For me it has nothing to do with societal expectations. I’ve worked in a warehouse, I’ve worked in a junked car insurance auction lot cleaning grit and grime from everything, I’ve been in a zebrafish research lab (for a brief period), and had some experience in a clinical pathology lab working as an assistant between the gross room and histology department. My point being I have no problem doing any job, and I agree with you that some of them are more therapeutic than others. You don’t have all that weight and emotional exhaust on you.

    That being said, I am somebody who has already dealt with emotional and physical exhaust since I was young, and I feel it has only sculpted and shaped my character more so that I am hardy and durable enough to be capable of dealing with it. I don’t care much about money. I want to live debt free and modestly. I grew up with grandparents who had a yacht, and then went through financial troubles and lost it all. I see all the problems money can bring, and that extravagant life doesn’t interest me. What always interested me was medicine, and caring for others – humans and non-humans alike.

    In becoming a veterinarian, I feel I would be able to do the MOST good, because I have generally always fell into a leadership role among peers, or coworkers. It is something that comes naturally to me, and I say that with a good sense of humility that I’ve had to learn over the years. I don’t NEED to be a leader, but I’m comfortable being one. I’ve been told what to do, and I have no problem falling in line, but at the same time I think being in a position where I can make careful, logical, and as close to ideal or optimal decisions for the care of the patient and their caregivers is one that I would fill nicely. That role is something that comes with a heavy burden, and maybe I won’t make it there, but I can’t NOT try.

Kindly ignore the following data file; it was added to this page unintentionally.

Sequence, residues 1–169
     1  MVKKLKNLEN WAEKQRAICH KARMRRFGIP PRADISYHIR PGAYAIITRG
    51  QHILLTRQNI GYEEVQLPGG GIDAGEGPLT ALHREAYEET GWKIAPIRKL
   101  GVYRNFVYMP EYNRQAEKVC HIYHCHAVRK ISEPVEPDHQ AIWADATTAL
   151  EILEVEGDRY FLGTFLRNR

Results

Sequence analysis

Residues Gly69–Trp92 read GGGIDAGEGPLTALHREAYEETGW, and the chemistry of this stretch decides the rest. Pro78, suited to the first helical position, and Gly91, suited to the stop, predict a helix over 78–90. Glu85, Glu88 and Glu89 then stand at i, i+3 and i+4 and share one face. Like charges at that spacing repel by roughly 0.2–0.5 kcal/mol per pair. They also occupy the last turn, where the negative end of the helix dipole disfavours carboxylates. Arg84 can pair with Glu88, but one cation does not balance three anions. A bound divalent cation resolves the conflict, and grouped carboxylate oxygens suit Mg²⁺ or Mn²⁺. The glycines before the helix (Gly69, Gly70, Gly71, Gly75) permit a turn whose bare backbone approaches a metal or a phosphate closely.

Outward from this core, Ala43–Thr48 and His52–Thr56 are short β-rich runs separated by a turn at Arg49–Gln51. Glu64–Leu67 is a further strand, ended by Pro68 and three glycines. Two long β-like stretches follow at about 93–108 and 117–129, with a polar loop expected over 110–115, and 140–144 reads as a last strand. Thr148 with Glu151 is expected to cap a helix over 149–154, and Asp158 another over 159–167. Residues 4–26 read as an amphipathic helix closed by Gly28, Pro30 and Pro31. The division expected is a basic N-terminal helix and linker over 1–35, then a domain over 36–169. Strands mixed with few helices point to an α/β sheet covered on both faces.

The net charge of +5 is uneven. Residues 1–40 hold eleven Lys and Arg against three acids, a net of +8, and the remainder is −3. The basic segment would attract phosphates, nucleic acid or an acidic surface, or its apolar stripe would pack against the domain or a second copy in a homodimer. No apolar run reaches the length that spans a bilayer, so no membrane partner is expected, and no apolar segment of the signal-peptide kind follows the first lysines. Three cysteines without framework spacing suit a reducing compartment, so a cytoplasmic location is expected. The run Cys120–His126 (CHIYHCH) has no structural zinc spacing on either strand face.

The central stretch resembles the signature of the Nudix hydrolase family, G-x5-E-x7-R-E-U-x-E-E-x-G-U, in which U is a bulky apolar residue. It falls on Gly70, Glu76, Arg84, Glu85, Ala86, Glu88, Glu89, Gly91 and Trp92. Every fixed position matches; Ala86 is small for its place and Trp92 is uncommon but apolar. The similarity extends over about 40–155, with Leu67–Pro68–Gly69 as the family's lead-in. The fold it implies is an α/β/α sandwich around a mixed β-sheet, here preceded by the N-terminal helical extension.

I think I covered the reasons you did in your blog post, and I’m sorry if this is long and a bit of a rant. I always had trouble being confident in myself because I don’t want to let my ego get the best of me, but at the same time I know what I am capable of if I remain diligent with studies and consistent efforts. I know there is a LOT that is required of veterinarians, and the candidates for vet school. I only hope I can tackle all of those bases, being late into the game at 34. Thank you for reading this far.

    • - Post author

      Hello Tom, terrific thoughts, thank you so much for sharing! It sounds like you are in a great position to make the best decision for your life. I worry that some applicants do not have your mature, experienced perspective when making important lifelong decisions. Thank you for reading the blog and I hope you get something out of it!

Leave a Reply

Your email address will not be published.